His fame rests on his defence of Harlech castle for the Lancastrians (1460-8) during the Wars of the Roses. His father, Ieuan ab Einion of Cryniarth and Hendwr in Edeirnion, Meironnydd, was a descendant of Llywelyn ap Cynwrig of Cors-y-Gedol; his mother, Angharad, was daughter and heiress of Dafydd ap Giwn Llwyd of Hendwr; his wife was Margaret, daughter of John Puleston of Emral, Flintshire. Like so many young Welshmen of his day, he served with the English forces in France during the latter part of the Hundred Years’ War — in Rouen, according to Dafydd Nanmor. That he did serve abroad is corroborated by Guto'r Glyn.
When the English power in Normandy collapsed in 1450 Dafydd returned to England, possibly with the troops under his fellow-countryman Mathew Gough. In 1453 his name appears in a Record of Inquisitions for Merioneth to the effect that some of his cattle had been stolen near Ffestiniog. Two years later the rival Roses were at war. Dafydd is stated to have been authorized by queen Margaret to hold Harlech. During the campaign which culminated in the battle of Northampton (July 1460), the queen took refuge in Harlech, and that may have been the occasion on which she put Harlech in Dafydd's keeping. The castle now became a refuge for prominent English Lancastrian partisans, and a convenient link between Margaret and her supporters. Dafydd was repeatedly called upon to surrender, though no active steps were taken to enforce the summons. However, when Jasper Tudor landed with a Lancastrian force at Barmouth (June 1468), Edward IV sent William (lord) Herbert with a powerful army to reduce Harlech, and Dafydd at last submitted (1 August 1468). Fifty prisoners were taken. Two of the most prominent English Lancastrian leaders, Elwick and Troublok, were taken to the Tower of London and executed. Dafydd was apparently included in a general pardon (1 December 1468), while Herbert's reward was the earldom of Pembroke. The date of Dafydd's death appears to be unknown.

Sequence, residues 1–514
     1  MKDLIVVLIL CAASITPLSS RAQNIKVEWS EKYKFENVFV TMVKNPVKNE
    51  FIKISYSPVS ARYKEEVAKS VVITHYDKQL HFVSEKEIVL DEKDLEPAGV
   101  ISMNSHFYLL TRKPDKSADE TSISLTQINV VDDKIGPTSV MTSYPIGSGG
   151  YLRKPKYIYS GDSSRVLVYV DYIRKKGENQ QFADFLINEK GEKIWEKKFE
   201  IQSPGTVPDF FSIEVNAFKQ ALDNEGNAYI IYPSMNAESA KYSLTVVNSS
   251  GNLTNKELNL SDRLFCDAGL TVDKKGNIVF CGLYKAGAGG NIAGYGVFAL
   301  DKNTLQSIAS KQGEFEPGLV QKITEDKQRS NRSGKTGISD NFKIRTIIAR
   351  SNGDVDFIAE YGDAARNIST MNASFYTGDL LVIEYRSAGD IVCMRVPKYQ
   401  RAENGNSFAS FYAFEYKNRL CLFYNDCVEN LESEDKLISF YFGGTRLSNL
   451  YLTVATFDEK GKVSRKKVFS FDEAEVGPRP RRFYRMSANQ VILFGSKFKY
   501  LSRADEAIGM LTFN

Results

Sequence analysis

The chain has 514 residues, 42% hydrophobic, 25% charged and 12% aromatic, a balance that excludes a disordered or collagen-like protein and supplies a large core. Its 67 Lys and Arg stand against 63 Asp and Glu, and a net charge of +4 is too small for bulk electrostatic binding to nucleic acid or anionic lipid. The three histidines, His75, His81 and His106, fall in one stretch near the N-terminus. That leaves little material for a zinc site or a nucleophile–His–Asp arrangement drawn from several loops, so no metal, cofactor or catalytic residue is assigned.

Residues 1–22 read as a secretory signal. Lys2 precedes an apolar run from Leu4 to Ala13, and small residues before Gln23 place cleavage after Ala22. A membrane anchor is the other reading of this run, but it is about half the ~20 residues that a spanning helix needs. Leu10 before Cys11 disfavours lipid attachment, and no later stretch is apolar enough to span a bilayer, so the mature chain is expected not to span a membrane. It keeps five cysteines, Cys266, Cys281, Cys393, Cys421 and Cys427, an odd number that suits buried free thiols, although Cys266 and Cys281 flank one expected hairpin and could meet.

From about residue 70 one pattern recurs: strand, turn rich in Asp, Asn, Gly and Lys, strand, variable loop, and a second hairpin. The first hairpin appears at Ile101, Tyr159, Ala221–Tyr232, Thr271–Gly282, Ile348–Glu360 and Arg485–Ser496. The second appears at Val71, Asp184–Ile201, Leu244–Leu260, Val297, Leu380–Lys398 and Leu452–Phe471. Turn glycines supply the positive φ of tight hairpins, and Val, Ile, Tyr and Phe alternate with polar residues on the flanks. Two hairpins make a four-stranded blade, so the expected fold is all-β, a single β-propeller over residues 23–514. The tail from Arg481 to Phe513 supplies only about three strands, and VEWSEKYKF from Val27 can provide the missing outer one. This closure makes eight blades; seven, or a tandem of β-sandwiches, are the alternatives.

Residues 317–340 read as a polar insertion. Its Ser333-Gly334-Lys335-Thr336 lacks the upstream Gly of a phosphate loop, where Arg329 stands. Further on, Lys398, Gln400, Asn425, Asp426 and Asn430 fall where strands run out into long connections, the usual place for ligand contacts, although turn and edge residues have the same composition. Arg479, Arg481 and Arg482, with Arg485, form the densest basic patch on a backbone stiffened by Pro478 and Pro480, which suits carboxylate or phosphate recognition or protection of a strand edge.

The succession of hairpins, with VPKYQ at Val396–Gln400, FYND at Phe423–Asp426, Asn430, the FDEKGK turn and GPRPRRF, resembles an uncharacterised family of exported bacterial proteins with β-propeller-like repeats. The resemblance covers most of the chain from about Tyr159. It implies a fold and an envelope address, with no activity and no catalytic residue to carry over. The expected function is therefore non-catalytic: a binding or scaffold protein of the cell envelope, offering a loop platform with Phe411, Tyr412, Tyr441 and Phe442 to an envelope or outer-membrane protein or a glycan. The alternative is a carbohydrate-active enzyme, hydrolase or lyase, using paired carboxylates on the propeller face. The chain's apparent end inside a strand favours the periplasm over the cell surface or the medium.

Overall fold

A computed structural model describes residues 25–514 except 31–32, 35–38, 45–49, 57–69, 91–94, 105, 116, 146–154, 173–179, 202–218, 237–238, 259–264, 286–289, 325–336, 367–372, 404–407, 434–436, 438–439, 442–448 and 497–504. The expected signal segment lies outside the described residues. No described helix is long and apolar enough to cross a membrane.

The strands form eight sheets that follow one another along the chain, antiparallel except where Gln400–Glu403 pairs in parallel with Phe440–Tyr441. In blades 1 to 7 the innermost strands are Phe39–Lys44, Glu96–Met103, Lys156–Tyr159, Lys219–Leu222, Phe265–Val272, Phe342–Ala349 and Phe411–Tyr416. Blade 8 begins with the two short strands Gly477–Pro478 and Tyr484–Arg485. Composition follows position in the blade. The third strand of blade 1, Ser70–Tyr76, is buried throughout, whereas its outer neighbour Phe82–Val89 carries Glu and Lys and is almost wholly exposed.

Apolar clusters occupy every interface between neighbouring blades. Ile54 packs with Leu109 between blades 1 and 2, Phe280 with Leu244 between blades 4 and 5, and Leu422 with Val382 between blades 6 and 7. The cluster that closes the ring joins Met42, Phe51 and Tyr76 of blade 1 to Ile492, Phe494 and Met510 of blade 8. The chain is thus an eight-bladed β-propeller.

Published date: 1959
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